Q&A on improving the understanding of paediatric brain tumours

March is Brain Tumour Awareness Month. It’s an awareness month that is incredibly important for us here at Children with Cancer UK, as it helps us spread awareness of childhood cancer and the need for more childhood cancer research.

This March we are drawing attention to how brain tumours impact children and their families but also the work we do every day to find kinder, more effective treatments. We had a chat with Dr Manuela Cerbone based at UCL Great Ormond Street Institute of Child Health (ICH) to find out about her research and its impact.

Q: Why is research into childhood cancer so important?

A: Childhood cancers are very different from adult cancers and require dedicated research studies. The main differences involve:

Prevalence: childhood cancers are less common and require highly specialised centres for their treatment
Aetiology (causes): unlike some adult cancers which are related to specific risk factors which can be preventable with specific lifestyles changes, for most childhood cancers the cause is either poorly understood or an unexplained genetic predisposition due to random genetic changes which are largely unpredictable and unpreventable.
Type and location: Infants, children and teenagers, develop blood cancers (leukaemia, lymphomas) most frequently, whilst brain and spinal tumours are the second most common, with bone and other solid cancers a close third. Adults have mainly lung, colon, breast, , and prostate cancers.

Severity: Cancers in young people can be aggressive so treatments have become increasingly dose-intense in recent years but carry increased toxicity and side effects.

Cure rates: a majority of children survive cancer. Children’s bodies tolerate longer and heavier treatments than older people. However, this resilience masks the terribly high developmental price their bodies and brains pay and the support they and their families truly need throughout and beyond their developing years
Late effects and quality of survival: The young developing body is particularly vulnerable to the ‘toxic’ side effects of any drug or chemotherapy circulating in the blood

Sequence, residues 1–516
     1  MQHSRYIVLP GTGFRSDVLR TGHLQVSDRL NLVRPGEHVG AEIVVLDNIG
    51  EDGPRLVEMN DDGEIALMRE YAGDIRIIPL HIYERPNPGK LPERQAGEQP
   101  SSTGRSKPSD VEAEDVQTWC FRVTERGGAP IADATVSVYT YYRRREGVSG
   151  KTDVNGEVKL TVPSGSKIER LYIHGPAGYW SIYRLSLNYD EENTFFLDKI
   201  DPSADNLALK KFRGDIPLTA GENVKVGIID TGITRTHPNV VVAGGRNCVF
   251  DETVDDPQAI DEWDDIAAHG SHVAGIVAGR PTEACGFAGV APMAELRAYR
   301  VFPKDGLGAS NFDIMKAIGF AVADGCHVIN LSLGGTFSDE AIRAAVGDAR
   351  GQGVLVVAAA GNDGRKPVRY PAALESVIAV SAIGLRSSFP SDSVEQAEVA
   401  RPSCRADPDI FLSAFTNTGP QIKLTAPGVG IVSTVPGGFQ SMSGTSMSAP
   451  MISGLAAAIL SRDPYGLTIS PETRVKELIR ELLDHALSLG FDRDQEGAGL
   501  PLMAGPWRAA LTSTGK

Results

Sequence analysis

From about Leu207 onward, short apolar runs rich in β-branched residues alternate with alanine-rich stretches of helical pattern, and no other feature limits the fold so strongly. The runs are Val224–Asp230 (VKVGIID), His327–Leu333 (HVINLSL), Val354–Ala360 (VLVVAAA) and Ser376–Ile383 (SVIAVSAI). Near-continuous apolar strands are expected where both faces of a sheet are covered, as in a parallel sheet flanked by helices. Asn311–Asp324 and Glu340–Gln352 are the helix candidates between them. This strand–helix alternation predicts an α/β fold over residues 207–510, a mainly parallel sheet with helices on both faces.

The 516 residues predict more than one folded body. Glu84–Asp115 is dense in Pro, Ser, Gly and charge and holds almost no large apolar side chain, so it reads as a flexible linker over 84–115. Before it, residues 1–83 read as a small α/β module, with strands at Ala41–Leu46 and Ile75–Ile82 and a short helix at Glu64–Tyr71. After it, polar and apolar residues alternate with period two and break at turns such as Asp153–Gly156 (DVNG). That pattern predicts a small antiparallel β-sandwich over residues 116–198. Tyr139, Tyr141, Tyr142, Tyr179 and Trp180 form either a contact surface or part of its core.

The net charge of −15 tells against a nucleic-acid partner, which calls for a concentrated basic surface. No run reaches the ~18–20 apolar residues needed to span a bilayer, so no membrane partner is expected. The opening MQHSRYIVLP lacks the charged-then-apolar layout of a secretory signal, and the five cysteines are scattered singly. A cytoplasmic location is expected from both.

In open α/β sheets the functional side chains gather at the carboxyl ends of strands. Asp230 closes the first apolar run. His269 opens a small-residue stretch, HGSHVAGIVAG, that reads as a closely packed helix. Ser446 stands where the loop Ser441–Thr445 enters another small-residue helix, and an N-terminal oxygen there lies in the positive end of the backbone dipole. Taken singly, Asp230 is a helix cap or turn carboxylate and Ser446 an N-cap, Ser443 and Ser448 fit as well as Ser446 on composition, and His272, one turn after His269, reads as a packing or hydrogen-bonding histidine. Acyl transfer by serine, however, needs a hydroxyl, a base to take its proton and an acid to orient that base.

Q: Why is long-term funding so important for childhood cancer research?

A: long term interventional and observational studies, testing novel quality of life outcomes, from infancy to maturity, will provide a true estimate of the longer term and inform the future management guidelines which underpin clinical NHS services.

Q: What are the challenges that childhood cancer researchers face today?

A: There is little point in curing children of one life-threatening disease, only to cause another which will affect them for life. It is so important for paediatric oncologists and surgeons to collaborate more widely with endocrine, neuroscience, neurodevelopmental and mental health researchers to get it right from the beginning.

Q: What’s the aim of your particular research?

A: My research focuses on hypothalamic dysfunction, one of the most detrimental consequences of paediatric brain tumours. The hypothalamus is the most primitive, complex and vital structure of the human brain. It controls our sense of hunger and thirst, our temperature, blood pressure, heart rate, body maturation, reproduction, sleep, as well as our behaviour and memory. Different types of brain tumours can partially or totally invade the hypothalamus and treatments to the area can cause additional damage.

My research aims to improve the understanding and the timely diagnosis of hypothalamic dysfunction as a consequence of paediatric brain tumours arising in the hypothalamic and pituitary area.

Q: Are survival rates still the most important indicator of improvements for childhood cancer or do researchers consider the greater availability of less toxic treatments as the biggest sign of improvements?

A: Quality of survival and long-term mortality are currently far more important indicators of improvements for childhood cancers than short term survival.

For any child where the tumour affects the brain, cure without parallel brain injury support is no longer enough. There is already a large cohort of survivors that suffers from severe long-term irreversible complications of various tumours and their treatments. More research into holistic rehabilitative interventions during critical growth and developmental periods is needed. More hormonal, neurological, neuroscience and mental health research is needed in parallel to oncology.

Learn more about Manuela’s research here:

Read more

There are no targeted medical treatments for hypothalamic obesity and surgeons must rely on unprecise grading systems of hypothalamic dysfunction prior to surgical interventions for brain tumours.

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